- More than 588,089 explosive remnants of war (ERW) and approximately 54 tonnes of Small Arms Ammunition have been cleared in Libya since 2011.
More than 107,271 Libyans have received risk education since 2016, helping them to live more safely with the threat of ERW.
- Since 2015, UNMAS Libya has developed the capacity of more than 200 nationals in all aspects of mine action.
UNMAS and international partners rapidly deployed to Libya in March 2011 to respond to the ERW emergency throughout the initial stages of the conflict. In July 2012, UNMAS integrated into the United Nations Support Mission in Libya (UNSMIL) as the Arms and Ammunition Advisory Section. In July 2014, major hostilities resumed, fuelled by the political struggle between the House of Representatives and the General National Council. The political division is the focus of the UNSMIL peace dialogue.
As a result of the extreme volatility of the security and political situation, the United Nations temporarily relocated to Tunisia and managed activities remotely until January 2019. The Mission and UNMAS have relocated to Tripoli, Libya and have a permanent presence.
More than three years of recent fighting between rival groups has been concentrated predominantly in urban areas. The level of violence and destruction has far surpassed that experienced during the nine-month revolution in 2011. The ongoing conflict has resulted in significant ERW contamination in numerous cities and has impacted public infrastructure such as schools, universities and hospitals. The number of Internally Displaced Persons and returnees in Libya is estimated to be 187,423 and 403,978, respectively. There is little prospect of safe return until Non-Technical and/or Technical Surveys, Explosive Ordnance Disposal (EOD) spot-tasks, and/or Battle Area Clearance are carried out.
UNMAS focuses on the achievement of the UNSMIL mandated objectives and those of the UN Country Team, under the following pillars:
Protection of Civilians
ERW contamination is severe in many urban areas, impacting civilians after violence abates. Additionally, the contamination impacts humanitarian actors working to provide or restore basic services. UNMAS works with partners to mitigate the threat posed by ERW for civilians and returnees by liaising with the Libyan authorities to coordinate and implement EOD and risk awareness activities and to facilitate coordination with stakeholders.
Arms and Ammunition Advisory Role
Unsafe and insecure storage, as well as the illicit proliferation of arms and ammunition, continue to pose a serious challenge to stabilization. As UNSMIL’s Arms and Ammunition Advisory Section, UNMAS:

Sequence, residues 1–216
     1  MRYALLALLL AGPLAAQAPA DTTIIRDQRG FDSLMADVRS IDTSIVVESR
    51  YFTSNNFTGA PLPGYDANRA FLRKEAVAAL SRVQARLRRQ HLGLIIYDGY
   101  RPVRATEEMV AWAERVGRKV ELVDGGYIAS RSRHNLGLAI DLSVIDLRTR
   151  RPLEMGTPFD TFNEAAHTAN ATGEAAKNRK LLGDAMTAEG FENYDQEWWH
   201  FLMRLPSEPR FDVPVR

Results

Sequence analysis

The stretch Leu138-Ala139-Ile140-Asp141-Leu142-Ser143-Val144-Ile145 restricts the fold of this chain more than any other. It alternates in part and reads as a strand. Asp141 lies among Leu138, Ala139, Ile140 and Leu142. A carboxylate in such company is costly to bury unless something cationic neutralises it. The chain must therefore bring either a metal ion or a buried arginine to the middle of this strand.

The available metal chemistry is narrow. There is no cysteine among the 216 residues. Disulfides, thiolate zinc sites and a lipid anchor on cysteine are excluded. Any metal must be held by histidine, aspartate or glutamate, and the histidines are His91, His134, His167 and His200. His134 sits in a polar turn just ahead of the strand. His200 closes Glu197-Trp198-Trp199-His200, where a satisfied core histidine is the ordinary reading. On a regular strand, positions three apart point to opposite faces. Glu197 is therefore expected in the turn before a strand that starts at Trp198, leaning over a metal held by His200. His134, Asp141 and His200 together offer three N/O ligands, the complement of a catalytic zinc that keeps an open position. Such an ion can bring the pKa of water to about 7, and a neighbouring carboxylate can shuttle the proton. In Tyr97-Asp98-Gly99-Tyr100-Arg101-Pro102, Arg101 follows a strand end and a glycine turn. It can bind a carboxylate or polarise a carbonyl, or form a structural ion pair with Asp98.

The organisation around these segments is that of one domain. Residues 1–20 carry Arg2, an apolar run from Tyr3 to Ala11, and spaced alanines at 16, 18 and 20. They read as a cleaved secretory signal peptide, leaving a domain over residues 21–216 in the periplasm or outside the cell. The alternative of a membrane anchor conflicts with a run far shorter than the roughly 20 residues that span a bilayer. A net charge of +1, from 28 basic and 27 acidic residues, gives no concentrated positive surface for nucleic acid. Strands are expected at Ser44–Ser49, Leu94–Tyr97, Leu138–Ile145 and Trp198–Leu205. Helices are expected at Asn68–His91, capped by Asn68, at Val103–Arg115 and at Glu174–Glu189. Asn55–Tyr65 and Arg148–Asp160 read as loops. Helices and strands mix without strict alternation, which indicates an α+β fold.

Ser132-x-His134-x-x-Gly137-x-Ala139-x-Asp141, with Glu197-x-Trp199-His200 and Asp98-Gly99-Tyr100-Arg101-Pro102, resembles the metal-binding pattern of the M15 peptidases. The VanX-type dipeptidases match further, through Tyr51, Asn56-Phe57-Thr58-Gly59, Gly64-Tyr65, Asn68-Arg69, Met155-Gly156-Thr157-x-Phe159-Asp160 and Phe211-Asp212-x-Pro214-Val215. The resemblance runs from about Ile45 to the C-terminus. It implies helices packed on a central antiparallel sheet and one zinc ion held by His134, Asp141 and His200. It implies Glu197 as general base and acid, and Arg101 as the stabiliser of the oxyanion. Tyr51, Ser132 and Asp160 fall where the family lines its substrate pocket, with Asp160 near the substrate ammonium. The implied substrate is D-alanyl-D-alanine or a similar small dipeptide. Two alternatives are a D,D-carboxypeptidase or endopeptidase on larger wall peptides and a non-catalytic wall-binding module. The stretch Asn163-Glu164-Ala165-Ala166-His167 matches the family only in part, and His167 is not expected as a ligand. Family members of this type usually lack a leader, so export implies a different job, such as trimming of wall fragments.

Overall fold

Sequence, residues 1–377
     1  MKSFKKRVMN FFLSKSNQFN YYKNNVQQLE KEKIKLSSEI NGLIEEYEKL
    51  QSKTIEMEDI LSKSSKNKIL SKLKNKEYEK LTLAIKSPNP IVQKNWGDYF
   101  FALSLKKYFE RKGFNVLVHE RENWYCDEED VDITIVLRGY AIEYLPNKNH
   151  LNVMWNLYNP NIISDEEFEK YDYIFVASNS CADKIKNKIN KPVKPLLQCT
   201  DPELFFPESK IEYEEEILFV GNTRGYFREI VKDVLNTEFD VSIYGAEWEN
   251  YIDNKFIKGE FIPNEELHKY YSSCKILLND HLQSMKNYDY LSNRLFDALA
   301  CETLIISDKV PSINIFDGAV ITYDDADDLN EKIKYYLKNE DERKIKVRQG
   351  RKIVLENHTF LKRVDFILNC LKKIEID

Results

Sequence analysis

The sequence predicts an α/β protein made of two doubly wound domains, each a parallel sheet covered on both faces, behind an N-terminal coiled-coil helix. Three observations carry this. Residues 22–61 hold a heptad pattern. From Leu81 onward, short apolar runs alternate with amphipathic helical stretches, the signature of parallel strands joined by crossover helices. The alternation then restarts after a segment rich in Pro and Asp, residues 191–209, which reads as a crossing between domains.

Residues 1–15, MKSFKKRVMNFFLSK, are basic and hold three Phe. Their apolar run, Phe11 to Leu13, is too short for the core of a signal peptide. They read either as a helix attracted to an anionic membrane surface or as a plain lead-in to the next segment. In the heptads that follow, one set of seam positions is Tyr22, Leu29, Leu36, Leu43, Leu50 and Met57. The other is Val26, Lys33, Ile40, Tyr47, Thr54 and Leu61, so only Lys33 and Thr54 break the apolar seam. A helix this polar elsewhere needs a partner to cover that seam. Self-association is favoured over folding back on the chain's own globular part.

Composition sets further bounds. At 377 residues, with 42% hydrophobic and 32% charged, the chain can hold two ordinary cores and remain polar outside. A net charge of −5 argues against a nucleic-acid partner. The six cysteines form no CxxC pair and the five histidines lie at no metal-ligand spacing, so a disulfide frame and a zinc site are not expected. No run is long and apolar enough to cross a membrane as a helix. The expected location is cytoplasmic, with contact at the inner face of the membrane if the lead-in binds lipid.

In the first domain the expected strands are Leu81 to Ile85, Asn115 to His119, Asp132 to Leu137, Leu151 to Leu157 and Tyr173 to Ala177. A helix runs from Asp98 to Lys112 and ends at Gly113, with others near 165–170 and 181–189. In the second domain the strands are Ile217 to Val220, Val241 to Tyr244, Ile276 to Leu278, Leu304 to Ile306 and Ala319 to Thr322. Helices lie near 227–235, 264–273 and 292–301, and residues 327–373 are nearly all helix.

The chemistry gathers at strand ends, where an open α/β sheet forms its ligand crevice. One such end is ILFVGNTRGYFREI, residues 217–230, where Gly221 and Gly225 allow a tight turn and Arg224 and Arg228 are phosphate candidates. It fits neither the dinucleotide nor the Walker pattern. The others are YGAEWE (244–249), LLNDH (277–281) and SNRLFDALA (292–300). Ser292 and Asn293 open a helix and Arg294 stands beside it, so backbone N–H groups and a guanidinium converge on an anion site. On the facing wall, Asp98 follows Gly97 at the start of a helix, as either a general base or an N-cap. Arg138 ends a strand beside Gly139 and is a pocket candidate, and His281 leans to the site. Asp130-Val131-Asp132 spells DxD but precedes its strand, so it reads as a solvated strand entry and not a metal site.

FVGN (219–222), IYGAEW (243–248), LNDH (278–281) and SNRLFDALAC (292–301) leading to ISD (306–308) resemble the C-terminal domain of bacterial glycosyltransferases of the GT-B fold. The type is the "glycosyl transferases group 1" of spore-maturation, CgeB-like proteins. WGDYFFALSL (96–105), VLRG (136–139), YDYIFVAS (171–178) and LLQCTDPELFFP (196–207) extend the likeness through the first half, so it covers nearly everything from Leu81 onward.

- Developed a Technical Framework for Arms and Ammunition Management and technical operating procedures for high threat search and high-risk clearance to assist national institutions address the management of arms and ammunition stockpiles and the threat from improvised explosive devices.
- Facilitated stockpile destruction of 203 tonnes of ERW in Misrata and continues to coordinate the destruction of another 200 tonnes.
- Provided extensive technical support to enable the UN Guard Unit to improve ammunition storage safety and expand existing storage areas.
- Facilitated coordination and technical meetings between national mine action stakeholders and the international community for the explosive hazard response in Sirte.
Furthermore, UNMAS conducted a series of gender-based trainings to empower Libyan women to deliver Small Arms and Light Weapons risk awareness. The trainings assisted in strengthening community resilience and helped reduce gender-based violence. UNMAS is seeking funding to commence a third training involving women and men. In addition, a train-the-trainer course is planned to create a multiplier effect and provide technical support to ensure the training is sustainable in the long term.
Capacity enhancement of national mine action actors
UNMAS has prioritised the capacity enhancement of Libyan mine action actors and continues to support the Libyan Mine Action Centre (LibMAC) in establishing processes for the accreditation of mine action actors and coordinating with Implementing Partners for the humanitarian mine action response. Since 2015, UNMAS has trained over 70 National Safety Authority (NSA) operators and Military Engineers in advanced EOD; 30 officers from eastern Libya in Non-Technical Survey; and provided advanced medical first responder training to 72 EOD operators from Benghazi and several operators addressing the threat from explosive hazards in Sirte. UNMAS has also provided EOD equipment to national actors, including the LibMAC, NSA, Military Engineers, and the mine action NGO, “Free Fields Foundation”. UNMAS assisted the LibMAC in developing the Libyan Mine Action Standards which are now being implemented in Libya.
UNMAS faces a significant funding shortfall for arms and ammunition activities and humanitarian mine action projects. UNMAS aims to support the implementation of and continue progress on technical frameworks, assessments and training packages that have been developed between 2015 and 2017, alongside local and national counterparts, and humanitarian mine action interventions. Furthermore, UNMAS seeks to re-initiate training and implementation of ammunition storage area surveys, which were halted due to security conditions.
Updated: February 2019